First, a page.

For all states in East Asia, trade has become a vital platform for pursuing various components of their national interests. In their quest to promote and enhance their ‘statist’ (state-centric) and ‘humanist’ (human-centred) security referents, small powers have learned to re-imagine and re-invent the utility of free trade. Thus amid their marginal size and peripheral position, trade has become an integral function of the small states’ security policies and strategies.
This was emphasized by Dr. Michael Magcamit, Assistant Professor at Musashi University, in his talk at the Mabini Dialogue held on 9 August 2017 at the FSI Training Rooms 554-557. His presentation, Small Powers and the Security Utility of Trade, explored the security-trade linkage defining East Asia’s contemporary security environment using “cohabitative security,” or the view that security encompasses both state and human elements as the overarching idea.
Using Taiwan, Singapore, the Philippines and Malaysia as case studies, Dr. Magcamit examined (1) why and how small powers link their security interests and trade agendas; (2) how traditional/ non-traditional security threats/ issues influence the facilitation and outcome of the small powers’ trade activities; and (3) how statist/humanist linkages affect the small powers’ primary security referents and overall security.
Dr. Magcamit argued that depending on the nature and origin of the security threats, and the underlying security contexts, trade performs a multifaceted function. In Taiwan, trade is a sovereign-upgrading mechanism; in Singapore, a defense-upgrading tool; in the Philippines, a development-upgrading instrument; while in Malaysia, a diversity-upgrading apparatus.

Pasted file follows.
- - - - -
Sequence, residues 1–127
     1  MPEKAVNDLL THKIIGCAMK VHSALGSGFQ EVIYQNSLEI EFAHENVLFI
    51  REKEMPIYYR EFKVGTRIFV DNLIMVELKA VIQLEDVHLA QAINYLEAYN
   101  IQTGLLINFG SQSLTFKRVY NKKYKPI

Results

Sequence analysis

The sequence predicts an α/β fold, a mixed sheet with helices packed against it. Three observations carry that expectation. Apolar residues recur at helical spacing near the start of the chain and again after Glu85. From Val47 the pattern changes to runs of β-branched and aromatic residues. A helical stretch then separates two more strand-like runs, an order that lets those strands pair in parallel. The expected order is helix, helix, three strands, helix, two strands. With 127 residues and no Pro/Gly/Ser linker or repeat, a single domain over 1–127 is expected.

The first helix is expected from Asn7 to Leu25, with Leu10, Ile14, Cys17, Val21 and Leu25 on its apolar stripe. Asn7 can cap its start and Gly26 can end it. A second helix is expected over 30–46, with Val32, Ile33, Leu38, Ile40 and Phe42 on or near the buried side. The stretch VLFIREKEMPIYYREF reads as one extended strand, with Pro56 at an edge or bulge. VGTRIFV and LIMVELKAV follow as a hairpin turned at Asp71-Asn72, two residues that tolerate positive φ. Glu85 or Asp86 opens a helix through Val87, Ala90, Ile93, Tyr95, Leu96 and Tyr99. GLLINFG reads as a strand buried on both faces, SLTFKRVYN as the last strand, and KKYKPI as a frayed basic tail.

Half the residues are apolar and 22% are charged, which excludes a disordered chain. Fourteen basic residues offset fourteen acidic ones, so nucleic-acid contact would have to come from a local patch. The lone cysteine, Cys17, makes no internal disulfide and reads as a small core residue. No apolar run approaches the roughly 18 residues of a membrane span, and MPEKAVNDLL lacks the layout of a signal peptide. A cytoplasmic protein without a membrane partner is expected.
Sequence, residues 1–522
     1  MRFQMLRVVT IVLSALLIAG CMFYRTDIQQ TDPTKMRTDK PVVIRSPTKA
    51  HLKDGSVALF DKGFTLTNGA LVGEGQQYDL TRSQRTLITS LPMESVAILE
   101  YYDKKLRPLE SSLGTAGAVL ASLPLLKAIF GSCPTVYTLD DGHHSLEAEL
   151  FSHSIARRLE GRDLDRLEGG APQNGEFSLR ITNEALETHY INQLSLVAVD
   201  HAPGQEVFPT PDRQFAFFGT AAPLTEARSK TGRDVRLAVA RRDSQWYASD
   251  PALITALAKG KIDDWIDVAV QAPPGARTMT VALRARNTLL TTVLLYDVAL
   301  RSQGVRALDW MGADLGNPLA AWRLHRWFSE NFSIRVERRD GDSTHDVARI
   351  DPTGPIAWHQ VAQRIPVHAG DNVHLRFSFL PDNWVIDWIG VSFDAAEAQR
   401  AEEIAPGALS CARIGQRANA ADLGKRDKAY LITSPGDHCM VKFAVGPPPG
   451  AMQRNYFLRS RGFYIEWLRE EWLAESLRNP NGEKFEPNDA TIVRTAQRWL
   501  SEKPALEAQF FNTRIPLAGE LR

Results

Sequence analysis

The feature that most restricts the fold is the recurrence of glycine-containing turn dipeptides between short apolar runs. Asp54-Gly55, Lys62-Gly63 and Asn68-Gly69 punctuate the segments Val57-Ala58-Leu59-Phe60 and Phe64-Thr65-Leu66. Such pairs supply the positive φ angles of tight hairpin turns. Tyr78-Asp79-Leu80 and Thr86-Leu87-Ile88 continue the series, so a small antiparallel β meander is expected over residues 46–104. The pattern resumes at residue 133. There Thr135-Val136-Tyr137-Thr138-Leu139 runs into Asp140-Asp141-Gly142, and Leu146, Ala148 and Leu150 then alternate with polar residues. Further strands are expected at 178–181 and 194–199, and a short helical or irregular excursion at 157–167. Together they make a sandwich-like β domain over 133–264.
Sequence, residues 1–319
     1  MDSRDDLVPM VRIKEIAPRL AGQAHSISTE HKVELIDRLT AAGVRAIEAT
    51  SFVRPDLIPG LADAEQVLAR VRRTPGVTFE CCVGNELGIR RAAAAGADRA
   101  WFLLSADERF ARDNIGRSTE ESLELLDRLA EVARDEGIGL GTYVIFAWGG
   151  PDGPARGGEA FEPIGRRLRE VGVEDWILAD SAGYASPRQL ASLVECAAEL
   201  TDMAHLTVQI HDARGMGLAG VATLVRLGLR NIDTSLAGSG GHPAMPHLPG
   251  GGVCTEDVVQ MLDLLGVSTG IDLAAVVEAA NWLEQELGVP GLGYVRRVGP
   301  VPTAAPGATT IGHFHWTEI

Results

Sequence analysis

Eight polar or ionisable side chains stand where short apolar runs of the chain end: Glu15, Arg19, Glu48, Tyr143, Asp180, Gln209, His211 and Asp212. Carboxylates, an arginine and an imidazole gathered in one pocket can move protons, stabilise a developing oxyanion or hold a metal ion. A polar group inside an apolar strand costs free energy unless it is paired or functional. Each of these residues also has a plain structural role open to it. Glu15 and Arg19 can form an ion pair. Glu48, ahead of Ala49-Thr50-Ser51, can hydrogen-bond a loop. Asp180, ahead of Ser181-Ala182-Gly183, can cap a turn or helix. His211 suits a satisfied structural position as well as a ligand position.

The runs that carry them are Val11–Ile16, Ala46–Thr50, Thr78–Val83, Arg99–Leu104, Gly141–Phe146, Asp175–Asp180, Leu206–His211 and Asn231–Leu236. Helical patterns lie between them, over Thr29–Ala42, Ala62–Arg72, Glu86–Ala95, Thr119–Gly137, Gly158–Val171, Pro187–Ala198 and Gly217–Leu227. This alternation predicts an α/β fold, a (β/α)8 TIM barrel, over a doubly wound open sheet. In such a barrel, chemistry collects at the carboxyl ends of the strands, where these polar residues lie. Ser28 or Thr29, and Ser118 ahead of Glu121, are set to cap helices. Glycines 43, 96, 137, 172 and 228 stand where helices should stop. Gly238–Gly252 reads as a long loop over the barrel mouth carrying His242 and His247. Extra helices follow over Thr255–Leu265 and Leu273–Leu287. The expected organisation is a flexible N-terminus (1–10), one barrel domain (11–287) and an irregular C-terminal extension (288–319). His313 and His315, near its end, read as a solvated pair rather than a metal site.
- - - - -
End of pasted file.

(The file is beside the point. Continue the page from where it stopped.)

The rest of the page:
The linkages, nonetheless, work like a double-edged sword producing mixed outcomes. For every additional security that the linkage provides, a corresponding insecurity is reflected. Taiwan’s statist linkage efforts might lead to the island’s complete assimilation with China; while Singapore’s linkage attempts can result in the city-state’s failure to strategically balance conflicting American, Chinese and Japanese interests in the region. In the Philippines, the humanist linkage attempts have preserved the uneven economic security and further reinforced the country’s oligarchic system and patronage culture. Malaysia’s linkage efforts, on the other hand, exacerbated racial inequalities and further legitimized the Malay-centric rule of the Barisan Nasional coalition.
Dr. Magcamit concluded that given enormous strategic constraints faced by small powers, they have generally relied on others to obtain security, favored the status-quo, religiously adhered to international laws and institutions, and displayed high levels of paranoia. The insecurities induced by constraints have provided the impetus for building statist and humanist forms of linkages. By enhancing their capacity to pursue their own security interests through such linkages, the small powers are able to curb their insecurities, albeit in a limited way, and with varying results and repercussions. Despite new forms of risks and uncertainties generated by these linkages, small powers are bent on maintaining them due to their underlying belief that the future will be miserable unless these are undertaken.